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The Corporate Sustainability Reporting Directive (CSRD) represents a significant evolution in the way companies report on their sustainability activities. Large companies, as well as CSRD and ESG consultants, are grappling with the implications of these regulatory shifts. Central to this dialogue is the notion of double materiality. Understanding double materiality – what’s essential from an environmental, social, and governance (ESG) perspective for a company – is fundamental for both businesses and consultants. 

Some background: what is double materiality? 

The CSRD mandates companies to conduct a double materiality assessment. The term “double” is key here, implying that companies must evaluate sustainability matters from two separate standpoints. 

Firstly, companies need to gauge how their operations affect the environment and people – this is the inside-out perspective – also referred to as impact materiality –, like environmental harm or human rights breaches. Secondly, they must consider how external sustainability trends or incidents present risks and opportunities for them – the outside-in perspective – also known as financial materiality. This can be seen in areas like potential reputational risks from corruption scandals, the implementation of new carbon taxes, or the chance to create sustainable, circular products. We’ll dive deeper into these concepts below.

In the realm of double materiality, a sustainability issue might be significant either due to its impact, or through its associated risks and opportunities. While the CSRD offers some guidance, the responsibility ultimately lies with the organization to discern if an issue is indeed material - for a definition of “materiality”, see below - and to back up its decisions. 

Evaluating the most pertinent topics for an organization is a foundational step towards aligning with CSRD mandates. The results of this evaluation shape, in terms specific to the CSRD, which reporting standards, disclosures, and data aspects an organization should incorporate in its sustainability reporting and which can be reasonably omitted. 

How does double materiality differ from materiality? 

Materiality acts as the threshold for determining which information is significant enough to be included in corporate reports. In essence, it’s about: 

  • Assessing the relevance of information in relation to the events or trends it describes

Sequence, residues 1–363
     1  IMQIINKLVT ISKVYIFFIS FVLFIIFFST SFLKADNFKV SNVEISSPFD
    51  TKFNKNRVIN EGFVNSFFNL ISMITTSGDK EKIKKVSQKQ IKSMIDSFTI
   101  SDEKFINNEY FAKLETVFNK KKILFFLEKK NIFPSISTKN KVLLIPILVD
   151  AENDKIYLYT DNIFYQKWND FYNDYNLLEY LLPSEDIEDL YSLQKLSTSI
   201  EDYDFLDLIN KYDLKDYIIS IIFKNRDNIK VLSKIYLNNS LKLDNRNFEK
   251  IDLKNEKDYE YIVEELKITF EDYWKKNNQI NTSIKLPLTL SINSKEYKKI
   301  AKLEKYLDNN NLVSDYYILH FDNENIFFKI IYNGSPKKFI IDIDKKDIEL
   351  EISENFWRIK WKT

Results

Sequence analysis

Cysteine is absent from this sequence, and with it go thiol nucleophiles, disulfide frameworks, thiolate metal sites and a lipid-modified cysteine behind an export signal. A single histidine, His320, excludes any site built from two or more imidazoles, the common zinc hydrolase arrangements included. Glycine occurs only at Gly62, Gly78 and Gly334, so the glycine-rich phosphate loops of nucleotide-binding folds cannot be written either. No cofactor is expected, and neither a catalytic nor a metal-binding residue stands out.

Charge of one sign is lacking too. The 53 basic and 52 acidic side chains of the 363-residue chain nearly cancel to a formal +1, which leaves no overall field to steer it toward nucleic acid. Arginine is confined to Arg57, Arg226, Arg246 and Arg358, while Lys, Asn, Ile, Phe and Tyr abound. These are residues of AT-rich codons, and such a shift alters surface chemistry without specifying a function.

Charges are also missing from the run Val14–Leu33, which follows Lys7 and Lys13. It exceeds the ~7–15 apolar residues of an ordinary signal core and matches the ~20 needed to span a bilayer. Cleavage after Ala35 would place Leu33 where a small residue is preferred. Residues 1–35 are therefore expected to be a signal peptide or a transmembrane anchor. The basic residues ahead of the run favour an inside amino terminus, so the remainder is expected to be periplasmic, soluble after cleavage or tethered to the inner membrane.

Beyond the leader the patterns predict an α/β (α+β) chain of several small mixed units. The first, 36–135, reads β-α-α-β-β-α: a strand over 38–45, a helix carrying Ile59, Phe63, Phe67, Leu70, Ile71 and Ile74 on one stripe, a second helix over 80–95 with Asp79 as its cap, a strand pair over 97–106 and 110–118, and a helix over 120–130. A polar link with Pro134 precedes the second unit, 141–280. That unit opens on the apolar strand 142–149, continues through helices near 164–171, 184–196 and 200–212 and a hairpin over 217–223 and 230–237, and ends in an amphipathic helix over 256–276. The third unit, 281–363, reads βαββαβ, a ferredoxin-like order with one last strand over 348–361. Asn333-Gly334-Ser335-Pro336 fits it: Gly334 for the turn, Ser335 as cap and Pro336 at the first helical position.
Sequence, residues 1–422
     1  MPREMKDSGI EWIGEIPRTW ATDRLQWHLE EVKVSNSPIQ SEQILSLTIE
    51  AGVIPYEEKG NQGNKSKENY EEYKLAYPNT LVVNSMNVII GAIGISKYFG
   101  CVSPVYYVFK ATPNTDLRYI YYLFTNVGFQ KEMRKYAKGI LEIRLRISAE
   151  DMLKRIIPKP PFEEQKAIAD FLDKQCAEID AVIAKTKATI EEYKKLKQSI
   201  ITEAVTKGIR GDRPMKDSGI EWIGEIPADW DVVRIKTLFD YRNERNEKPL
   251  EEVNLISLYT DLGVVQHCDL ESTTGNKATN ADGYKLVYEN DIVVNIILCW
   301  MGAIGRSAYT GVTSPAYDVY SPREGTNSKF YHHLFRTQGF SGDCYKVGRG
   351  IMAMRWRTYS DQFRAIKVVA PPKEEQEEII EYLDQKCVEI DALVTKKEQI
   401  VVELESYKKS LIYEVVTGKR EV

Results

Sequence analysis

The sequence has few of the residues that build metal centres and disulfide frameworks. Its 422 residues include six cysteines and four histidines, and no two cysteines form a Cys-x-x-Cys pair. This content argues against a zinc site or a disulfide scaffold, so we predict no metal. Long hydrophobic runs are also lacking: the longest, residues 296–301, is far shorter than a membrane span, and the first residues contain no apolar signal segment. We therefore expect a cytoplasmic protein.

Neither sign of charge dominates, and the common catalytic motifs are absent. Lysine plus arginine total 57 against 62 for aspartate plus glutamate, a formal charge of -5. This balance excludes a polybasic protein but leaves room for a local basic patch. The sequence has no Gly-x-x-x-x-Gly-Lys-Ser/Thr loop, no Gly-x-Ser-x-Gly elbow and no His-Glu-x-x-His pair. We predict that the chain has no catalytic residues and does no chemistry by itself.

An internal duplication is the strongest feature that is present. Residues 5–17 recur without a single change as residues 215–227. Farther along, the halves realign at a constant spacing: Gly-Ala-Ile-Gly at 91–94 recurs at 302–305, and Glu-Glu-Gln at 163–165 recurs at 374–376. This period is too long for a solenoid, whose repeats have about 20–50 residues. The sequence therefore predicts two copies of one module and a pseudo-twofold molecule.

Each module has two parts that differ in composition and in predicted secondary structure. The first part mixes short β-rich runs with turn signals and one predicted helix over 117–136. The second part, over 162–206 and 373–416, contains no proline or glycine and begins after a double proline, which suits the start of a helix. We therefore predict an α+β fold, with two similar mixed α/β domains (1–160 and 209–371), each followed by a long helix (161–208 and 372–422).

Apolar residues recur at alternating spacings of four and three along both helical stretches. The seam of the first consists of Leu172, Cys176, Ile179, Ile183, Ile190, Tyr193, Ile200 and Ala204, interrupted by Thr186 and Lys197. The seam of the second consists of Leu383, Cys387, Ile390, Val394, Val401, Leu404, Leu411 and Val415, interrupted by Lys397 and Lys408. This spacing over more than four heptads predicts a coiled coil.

• Meeting the expectations and needs of stakeholders, facilitating informed decision-making 
  • Upholding the broader demands for transparency in alignment with public interest 

Double materiality goes a step further, primarily in the context of sustainability reporting. It establishes criteria to decide if a sustainability topic or data should feature in a report. Here’s the breakdown: 

  • Impact Materiality: The environmental or social ramifications of a company’s actions or omissions.
  • Financial Materiality: The potential financial consequences, whether they be risks or opportunities, arising from environmental or social issues.

For a topic to meet the double materiality criteria, it should be significant from either the impact viewpoint, the financial perspective, or ideally, both. This ensures a holistic view of sustainability that captures both the tangible and intangible effects on a company and its stakeholders. 

In this regard, CSRD stands out as one of the few regulations mandating companies within its scope to conduct a double materiality assessment. For instance, ESG disclosure proposals from national authorities, such as the SEC in the US focus on a company's impact  through an investor’s viewpoint– as in, financial materiality or outside-in perspective. This perspective emphasizes the potential effects on financial performance. With the CSRD however, companies also need to consider how their business activities affect the environment, employees, and other stakeholders. As such, the CSRD’s approach offers a more comprehensive view, albeit is more burdensome on the companies. 

Due diligence in materiality assessment